In a perfect world we would have our hot rod, daily driver, and parts chaser all wrapped up in one ride, and it would be our very own shop truck. A three-in-one, triple-duty ride that always keeps us in our hot rod frame of mind.
Around the STREET RODDER offices there's a constant search for a truck to chase this part, that part, and finally the part we need—a shop truck. A few years back we thought, "Why not build a pickup that we could use?" Given there are some on the staff quite capable of building a hot rod from scratch we figured it would be a snap. Duh, then there's the reality of deadlines. They keep getting in the way so help was sought. We turned to Dean Livermore of Hot Rods by Dean (HRBD) in Phoenix, and so the saga began.
A factory-looking radio comes by way of Custom Autosound with iPod hookup with upgraded sp
We started off with a handful of original components but soon found we needed a great deal of sheetmetal (namely the five-window cab, fenders, and running boards) and that's where the Dynacorn 1947 Chevy sheetmetal through Chevs of the 40's came in handy, along with a complete bed from MAR-K. Chevs of the 40's turned out to be our one-stop shop for all of the incidentals—and there are a lot! All this steel would eventually rest on a Fatman Fabrications chassis held together through a Totally Stainless bolt kit along with SoffSeal rubber to provide the "mortar between the bricks", leaving us with a good seal while avoiding squeaks and rattles.
We asked longtime SR artist and fellow hot rodder Josh Shaw to come up with a color scheme and artwork for us to move toward. Shaw gave us the idea for the "Street Rodder Garage" door logos (applied by Kafka) and the combination of red and cream colors with a bit of switch featuring the red in high gloss and cream in a mat finish, all based on low-VOC waterbased paints from Wanda Paints. The brilliant red was applied at HRBD under the watchful eye of Carlos Green of Akzo Nobel Coating (parent company to Wanda Paints) over the fenders and running boards while the cab, hood, and bed were covered in the mat-appearing cream color. The mat finish is paint with a reduced luster clear and not a mat primer. The advantage is that the paint's desirable characteristics are retained while none of the maintenance issues of making a mat primer last for years.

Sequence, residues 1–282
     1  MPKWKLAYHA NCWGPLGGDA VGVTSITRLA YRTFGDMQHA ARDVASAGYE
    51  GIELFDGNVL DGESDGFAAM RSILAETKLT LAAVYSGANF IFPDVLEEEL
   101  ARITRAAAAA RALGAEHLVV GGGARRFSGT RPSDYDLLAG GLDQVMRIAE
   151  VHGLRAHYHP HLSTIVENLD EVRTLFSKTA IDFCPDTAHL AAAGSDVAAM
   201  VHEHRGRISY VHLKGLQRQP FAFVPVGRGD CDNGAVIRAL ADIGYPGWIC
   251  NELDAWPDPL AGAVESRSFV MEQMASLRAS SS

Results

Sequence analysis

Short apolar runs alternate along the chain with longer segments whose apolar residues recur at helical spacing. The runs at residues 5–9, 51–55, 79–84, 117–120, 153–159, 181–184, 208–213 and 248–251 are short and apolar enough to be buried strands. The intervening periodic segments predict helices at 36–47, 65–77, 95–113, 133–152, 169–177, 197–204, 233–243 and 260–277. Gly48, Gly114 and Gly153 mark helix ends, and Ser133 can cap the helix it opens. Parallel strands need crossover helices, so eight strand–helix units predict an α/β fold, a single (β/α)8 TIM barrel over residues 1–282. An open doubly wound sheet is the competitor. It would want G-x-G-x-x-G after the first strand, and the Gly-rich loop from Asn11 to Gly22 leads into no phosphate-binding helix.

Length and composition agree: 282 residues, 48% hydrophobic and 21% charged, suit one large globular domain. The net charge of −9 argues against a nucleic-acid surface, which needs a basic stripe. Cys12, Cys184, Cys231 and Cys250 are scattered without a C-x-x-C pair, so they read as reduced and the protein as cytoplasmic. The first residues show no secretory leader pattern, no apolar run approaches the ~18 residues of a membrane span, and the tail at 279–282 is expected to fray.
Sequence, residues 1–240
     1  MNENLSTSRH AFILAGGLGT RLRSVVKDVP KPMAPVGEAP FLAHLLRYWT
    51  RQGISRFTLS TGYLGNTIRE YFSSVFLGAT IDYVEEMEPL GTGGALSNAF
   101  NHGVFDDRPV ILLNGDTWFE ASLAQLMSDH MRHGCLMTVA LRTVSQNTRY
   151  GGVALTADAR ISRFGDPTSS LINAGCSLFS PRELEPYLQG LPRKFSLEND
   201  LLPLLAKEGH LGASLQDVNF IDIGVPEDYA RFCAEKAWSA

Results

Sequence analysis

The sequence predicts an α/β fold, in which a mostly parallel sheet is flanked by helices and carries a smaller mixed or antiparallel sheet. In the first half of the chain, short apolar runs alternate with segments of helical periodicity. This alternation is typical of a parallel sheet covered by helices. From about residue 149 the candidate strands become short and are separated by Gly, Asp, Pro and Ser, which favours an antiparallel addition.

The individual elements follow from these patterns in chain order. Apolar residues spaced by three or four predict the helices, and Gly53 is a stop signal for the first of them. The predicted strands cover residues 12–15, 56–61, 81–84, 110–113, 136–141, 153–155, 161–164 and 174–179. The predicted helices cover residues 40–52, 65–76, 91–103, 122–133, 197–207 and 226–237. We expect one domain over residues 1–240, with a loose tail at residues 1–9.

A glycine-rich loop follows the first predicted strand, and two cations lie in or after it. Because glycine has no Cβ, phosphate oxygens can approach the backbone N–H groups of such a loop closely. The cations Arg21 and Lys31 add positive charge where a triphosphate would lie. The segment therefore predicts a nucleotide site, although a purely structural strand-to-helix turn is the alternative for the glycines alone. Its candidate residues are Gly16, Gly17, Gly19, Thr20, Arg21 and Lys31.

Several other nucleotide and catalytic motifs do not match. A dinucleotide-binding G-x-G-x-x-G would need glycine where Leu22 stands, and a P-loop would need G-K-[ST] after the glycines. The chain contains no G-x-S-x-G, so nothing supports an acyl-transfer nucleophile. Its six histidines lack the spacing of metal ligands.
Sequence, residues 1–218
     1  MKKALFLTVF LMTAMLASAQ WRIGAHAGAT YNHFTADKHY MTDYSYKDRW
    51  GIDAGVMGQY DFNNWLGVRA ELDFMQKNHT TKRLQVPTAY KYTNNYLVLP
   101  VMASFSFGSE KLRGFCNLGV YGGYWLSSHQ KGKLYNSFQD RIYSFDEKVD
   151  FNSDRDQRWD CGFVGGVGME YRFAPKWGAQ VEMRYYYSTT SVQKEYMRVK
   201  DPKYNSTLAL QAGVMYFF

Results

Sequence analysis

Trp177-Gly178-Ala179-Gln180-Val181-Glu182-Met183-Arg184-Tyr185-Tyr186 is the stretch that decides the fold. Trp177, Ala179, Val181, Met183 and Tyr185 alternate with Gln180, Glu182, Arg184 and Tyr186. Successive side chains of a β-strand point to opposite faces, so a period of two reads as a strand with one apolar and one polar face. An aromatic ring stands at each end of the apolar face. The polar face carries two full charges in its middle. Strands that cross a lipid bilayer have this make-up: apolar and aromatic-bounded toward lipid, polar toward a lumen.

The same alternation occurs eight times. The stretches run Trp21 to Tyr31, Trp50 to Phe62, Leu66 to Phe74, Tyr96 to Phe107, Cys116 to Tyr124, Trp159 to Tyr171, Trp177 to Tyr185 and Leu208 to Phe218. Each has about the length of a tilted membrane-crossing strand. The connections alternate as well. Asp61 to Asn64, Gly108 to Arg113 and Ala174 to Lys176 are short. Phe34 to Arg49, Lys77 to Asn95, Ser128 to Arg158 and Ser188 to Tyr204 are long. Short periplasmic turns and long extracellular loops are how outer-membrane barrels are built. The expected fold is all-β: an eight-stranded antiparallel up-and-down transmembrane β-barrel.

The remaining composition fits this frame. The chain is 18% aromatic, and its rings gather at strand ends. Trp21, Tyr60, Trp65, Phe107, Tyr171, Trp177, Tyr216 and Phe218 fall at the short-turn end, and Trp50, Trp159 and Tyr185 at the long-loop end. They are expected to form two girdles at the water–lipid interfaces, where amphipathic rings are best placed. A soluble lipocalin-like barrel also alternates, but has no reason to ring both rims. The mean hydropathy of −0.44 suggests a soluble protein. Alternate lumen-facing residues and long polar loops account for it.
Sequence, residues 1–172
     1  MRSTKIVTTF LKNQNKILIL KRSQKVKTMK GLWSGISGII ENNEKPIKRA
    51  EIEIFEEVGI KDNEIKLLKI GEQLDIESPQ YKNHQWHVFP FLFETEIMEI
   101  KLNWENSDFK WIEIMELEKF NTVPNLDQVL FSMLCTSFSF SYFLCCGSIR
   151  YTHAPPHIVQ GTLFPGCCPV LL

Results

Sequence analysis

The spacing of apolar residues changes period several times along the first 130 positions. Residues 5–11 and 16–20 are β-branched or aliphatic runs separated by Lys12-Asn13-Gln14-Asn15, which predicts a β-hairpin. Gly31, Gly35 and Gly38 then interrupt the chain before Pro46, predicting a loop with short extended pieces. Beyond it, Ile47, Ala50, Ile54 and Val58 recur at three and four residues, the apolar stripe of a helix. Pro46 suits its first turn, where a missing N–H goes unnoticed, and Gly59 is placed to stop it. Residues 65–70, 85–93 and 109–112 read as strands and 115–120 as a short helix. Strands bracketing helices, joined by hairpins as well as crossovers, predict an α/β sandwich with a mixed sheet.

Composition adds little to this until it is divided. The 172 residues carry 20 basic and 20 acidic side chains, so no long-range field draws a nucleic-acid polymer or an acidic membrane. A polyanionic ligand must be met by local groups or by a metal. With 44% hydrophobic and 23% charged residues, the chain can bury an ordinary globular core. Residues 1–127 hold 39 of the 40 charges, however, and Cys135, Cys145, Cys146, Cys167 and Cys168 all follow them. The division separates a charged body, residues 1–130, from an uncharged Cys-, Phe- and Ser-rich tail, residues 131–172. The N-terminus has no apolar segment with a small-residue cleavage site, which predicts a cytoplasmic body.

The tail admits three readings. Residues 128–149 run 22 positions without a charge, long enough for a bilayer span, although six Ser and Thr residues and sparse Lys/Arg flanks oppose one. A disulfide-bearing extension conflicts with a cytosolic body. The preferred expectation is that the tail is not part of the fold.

Edelbrock coil pack covers neatly disguise the MSD coil packs and primary wires while Flam
The Fatman chassis, sporting a satin black powdercoat finish by Eddie Motorsports, is equipped with a Currie 9-inch rearend filled with 3.50 gears, limited-slip differential, 31-spline axles, and drum brakes. There are Wilwood disc brakes in front and Bilstein shocks at the corners along with leaf springs in the back and coils in the front. The front features a Fatman IFS with power rack-and-pinion steering and GM single-puck calipers. A Fatman under-the-floorboard bracket and pedal arms are used for the GM master cylinder while Wilwood prop and residual check valves are employed. Additional corner adornments include American Racing Torq-Thrust five-spoke mags (7x15 and 8x15) with BFGoodrich Radial T/A rubber (215/70 and 255/70). Yes, definitely an old-school look, and that was in keeping with our plans. Lokar Performance received the nod for the underdash foot-operated e-brake and universal brake cable setup, plus their Midnight series pedals and pads used on the throttle and brake.
Mentioned before, the MAR-K bed is fitted with their hidden hinges and release while one of the wooden slats was modified to accept the power-operated fuel filler kit from Legens Hot Rod Shop. Operated from the cab via a rocker switch the single wood panel lifts up and exposes the filler cap to the Rock Valley stainless 16-gallon gas tank. The tank is equipped with an Aeromotive fuel pump and fuel line, and a sending unit for the Dakota Digital fuel gauge.